Those who are prone to feeling shame on a day-to-day basis tend to have low self esteem and often suffer higher rates of depression, anxiety and substance abuse.
Those who watch "Game of Thrones" likely won't forget the stomach churning walk of shame from Season 5's finale, in which the disgraced Queen Cersei Lannister is paraded naked through town as onlookers jeer, spit and pelt her with filth. A nun follows behind, all the while relentlessly repeating "Shame! Shame! Shame!"
While this scene is an extreme example, society does often try to impose shame on those who step out of line with certain norms, whether they be cultural, religious, sexual or otherwise. True shame, however, comes from within. In its worst forms, it is the derisive voice telling us, "You're not good enough. You're a bad person. You failed at this thing because you are deeply flawed."
Shame often bubbles up in reaction to some perceived failure; for example, missing a goal and causing the team to lose the game, cheating on a spouse or failing to meet a deadline at work. As opposed to guilt—the sense of feeling bad about one's actions and the harm done to others—a person who reacts with shame will fail to differentiate between actions and personhood, instead attributing blame to the whole self.
While a person who feels guilt will often confess, apologize and take responsibility for what they have done, a person experiencing shame is more likely to withdraw. Shame's me-me-me focus also tends to eclipse concern about impact to others. Those who are prone to feeling shame on a day-to-day basis tend to have low self esteem and often suffer higher rates of depression, anxiety and substance abuse. In the direst of cases, shame can even lead to suicide. "Narrating in terms of 'I am'—that my whole essence is stupid, worthless or unattractive—is the experience of extreme shame that's at the heart of a lot of psychopathology," says Gregg Henriques, a professor of psychology at James Madison University. "I would argue that it's one of the central emotions at the root of depression."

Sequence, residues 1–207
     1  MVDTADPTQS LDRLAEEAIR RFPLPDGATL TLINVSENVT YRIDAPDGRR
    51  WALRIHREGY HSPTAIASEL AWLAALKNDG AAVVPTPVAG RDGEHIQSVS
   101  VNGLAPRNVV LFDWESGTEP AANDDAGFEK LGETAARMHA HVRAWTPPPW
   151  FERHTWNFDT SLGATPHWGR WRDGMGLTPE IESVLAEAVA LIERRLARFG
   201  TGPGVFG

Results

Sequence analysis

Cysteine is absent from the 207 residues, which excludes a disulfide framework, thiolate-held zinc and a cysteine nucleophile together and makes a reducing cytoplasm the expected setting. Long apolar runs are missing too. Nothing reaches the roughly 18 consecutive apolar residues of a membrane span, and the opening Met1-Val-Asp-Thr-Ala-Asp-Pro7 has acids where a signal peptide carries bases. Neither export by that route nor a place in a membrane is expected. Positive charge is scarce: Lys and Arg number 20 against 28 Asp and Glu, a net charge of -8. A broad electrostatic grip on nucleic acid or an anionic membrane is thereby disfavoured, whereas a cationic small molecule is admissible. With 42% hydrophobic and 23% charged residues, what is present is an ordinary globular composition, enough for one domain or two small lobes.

Given shame's seemingly irrational, anti-social and often harmful role, why did such an emotion evolve at all?
Shame's likely evolutionary precursor can be seen in the cowering stance a pet dog takes after chewing up the couch, or the submissive, hunched posture chimpanzees assume when caught fronting on the turf of a dominant member of their troop. For the transgressor, sending out such signals of submission often means that punishment for the weaker animal's wrongdoing will be lessened. "I think shame was first a way to acknowledge dominance, a way of saying 'I recognize that I transgressed, and I'm with the program,'" says June Tangney, a professor of psychology at George Mason University. "Before we had really developed language, shaming was a way to exert social control, and still is, to some extent."